Three weeks after undergoing brain surgery, Brandon McCarthy stepped back onto a major league field Friday, accepting the A’s nomination for the Roberto Clemente Award, and he said he plans to resume throwing Saturday.
CSNBayArea.com has the quotes.
“Now I can be in the dugout. I can be around the game atmosphere again,” McCarthy said. “I think it’s really what I need to get my mind off everything.”
McCarthy said he still suffers from boths of “mild cloudiness” after he was hit in the head by an Erick Aybar liner on Sept. 5, but he’s feeling better every day.
“I try not to get down with anything,” he said. “It’s just the way my brain works, it tries to find the humor in anything.”
McCarthy has been ruled out for the rest of the season, even should the A’s make and go deep into the playoffs, but he intends to pitch next year and he hopes to be back in Oakland. He’s a free agent at season’s end, but he wants to stay.
“Going through something like this, where you see the reactions, not only from the fans and teammates, but the way the front office handled it was beyond first class,” he said. “It truly shows you the family system that’s in place. I’d like to be back here.”
The Orioles have inked shortstop Alcides Escobar to a minor league contract, MLB.com’s Joe Trezza reported Saturday. The deal comes with an invitation to spring training and will allow Escobar to earn $700,000 in the majors if he breaks camp with the team (via Jon Heyman of MLB Network). The team has yet to formally announce the agreement.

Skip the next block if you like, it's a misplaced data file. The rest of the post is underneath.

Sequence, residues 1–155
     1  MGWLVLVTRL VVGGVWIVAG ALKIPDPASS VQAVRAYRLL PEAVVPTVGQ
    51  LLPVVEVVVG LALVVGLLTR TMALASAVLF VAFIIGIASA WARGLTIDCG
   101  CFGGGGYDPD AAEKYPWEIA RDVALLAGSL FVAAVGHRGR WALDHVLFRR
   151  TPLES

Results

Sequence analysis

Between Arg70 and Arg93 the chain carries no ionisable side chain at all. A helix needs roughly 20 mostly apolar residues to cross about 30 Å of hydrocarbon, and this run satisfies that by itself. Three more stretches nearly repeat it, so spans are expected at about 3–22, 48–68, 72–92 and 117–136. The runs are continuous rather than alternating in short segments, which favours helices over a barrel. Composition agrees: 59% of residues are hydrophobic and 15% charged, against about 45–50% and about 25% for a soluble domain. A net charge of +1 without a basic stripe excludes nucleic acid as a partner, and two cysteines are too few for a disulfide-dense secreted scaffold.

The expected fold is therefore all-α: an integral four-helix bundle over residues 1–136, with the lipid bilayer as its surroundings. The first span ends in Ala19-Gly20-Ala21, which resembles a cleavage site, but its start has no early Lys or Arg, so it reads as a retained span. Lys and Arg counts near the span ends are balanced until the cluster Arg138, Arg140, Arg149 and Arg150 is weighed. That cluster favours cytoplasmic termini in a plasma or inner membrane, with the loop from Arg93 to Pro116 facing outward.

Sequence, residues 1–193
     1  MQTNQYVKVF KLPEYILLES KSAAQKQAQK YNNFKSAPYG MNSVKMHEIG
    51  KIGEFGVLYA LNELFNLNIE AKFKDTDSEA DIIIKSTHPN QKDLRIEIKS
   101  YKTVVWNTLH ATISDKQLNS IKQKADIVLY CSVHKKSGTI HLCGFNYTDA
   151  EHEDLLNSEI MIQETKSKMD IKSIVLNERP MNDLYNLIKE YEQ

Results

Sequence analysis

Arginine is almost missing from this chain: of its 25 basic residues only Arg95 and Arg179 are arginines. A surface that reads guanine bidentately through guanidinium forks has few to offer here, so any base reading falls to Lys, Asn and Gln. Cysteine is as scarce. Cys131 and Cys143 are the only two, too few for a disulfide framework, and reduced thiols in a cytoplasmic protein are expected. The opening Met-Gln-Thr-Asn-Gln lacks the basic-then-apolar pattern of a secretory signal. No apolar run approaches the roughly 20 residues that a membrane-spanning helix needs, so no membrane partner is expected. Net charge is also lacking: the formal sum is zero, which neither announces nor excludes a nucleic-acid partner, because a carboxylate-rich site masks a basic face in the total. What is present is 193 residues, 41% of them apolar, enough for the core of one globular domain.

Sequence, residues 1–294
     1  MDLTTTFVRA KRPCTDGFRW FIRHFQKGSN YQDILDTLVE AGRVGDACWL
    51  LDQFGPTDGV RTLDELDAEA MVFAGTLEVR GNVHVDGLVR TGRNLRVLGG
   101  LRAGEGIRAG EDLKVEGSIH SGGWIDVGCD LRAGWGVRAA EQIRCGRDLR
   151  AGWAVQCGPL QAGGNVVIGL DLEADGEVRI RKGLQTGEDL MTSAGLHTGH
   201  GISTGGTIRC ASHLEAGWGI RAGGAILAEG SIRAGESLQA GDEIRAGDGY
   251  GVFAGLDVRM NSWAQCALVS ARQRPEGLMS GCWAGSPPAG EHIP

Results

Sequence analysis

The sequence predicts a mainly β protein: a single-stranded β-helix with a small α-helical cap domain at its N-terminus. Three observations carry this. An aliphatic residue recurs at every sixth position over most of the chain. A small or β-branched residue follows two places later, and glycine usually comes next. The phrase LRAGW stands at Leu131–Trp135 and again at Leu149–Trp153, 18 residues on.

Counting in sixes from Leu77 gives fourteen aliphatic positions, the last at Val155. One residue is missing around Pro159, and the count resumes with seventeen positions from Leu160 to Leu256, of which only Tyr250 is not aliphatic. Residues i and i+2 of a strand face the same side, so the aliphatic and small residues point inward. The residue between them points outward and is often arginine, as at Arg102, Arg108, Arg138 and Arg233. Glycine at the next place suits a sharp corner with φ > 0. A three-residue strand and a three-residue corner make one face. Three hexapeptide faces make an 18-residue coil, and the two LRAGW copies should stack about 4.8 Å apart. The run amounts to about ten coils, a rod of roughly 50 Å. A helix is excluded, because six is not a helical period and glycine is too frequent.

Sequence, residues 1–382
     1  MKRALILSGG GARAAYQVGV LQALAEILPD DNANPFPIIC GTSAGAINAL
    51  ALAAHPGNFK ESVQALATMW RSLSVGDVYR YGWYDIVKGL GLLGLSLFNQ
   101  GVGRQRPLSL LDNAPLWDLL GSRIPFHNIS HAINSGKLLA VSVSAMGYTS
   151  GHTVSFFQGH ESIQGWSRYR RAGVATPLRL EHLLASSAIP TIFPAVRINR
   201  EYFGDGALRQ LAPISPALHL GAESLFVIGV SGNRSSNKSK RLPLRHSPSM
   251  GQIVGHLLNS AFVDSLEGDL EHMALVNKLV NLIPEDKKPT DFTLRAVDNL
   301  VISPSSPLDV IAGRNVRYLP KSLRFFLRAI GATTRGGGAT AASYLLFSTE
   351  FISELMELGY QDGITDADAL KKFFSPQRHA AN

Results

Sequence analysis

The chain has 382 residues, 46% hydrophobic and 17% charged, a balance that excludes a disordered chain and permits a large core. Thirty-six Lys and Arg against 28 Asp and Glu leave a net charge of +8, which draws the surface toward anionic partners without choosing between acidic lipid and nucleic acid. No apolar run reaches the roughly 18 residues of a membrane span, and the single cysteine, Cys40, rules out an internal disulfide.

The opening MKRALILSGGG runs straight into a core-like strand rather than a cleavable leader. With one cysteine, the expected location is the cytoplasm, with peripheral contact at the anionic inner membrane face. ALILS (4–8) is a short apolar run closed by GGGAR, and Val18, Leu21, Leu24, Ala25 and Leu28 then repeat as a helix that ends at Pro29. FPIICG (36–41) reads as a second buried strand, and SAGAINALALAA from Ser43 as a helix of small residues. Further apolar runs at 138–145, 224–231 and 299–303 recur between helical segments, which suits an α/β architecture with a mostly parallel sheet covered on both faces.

Escobar, 32, completed an eight-year run with the Royals in 2018. No longer the .280-average, 3.0-fWAR player of seasons past, he hit several career lows after batting .231/.279/.313 with four home runs, eight stolen bases (in 10 chances), and a .593 OPS through 531 plate appearances last year. His defensive ratings also took a hit, and FanGraphs pegged him as the fourth-worst shortstop in the majors after he accumulated -12 DRS over the course of the season, only slightly higher than the Orioles/Dodgers’ Manny Machado, Mets’ Amed Rosario, and Red Sox’ Xander Bogaerts.
Still, Heyman holds that Escobar is being considered for the starting gig this spring and could yet prove an upgrade over top prospects and infield candidates Richie Martin and Drew Jackson. At the very least, the veteran shortstop figures to stabilize the position given Martin and Jackson’s relative inexperience, as both infielders played to varying results in Double-A Tulsa last year and have yet to break into the majors. Should either player earn consideration for the position in camp, however, Escobar might still work his way onto the Opening Day roster in a utility role as he saw some time at third base, second base, and center field in 2018.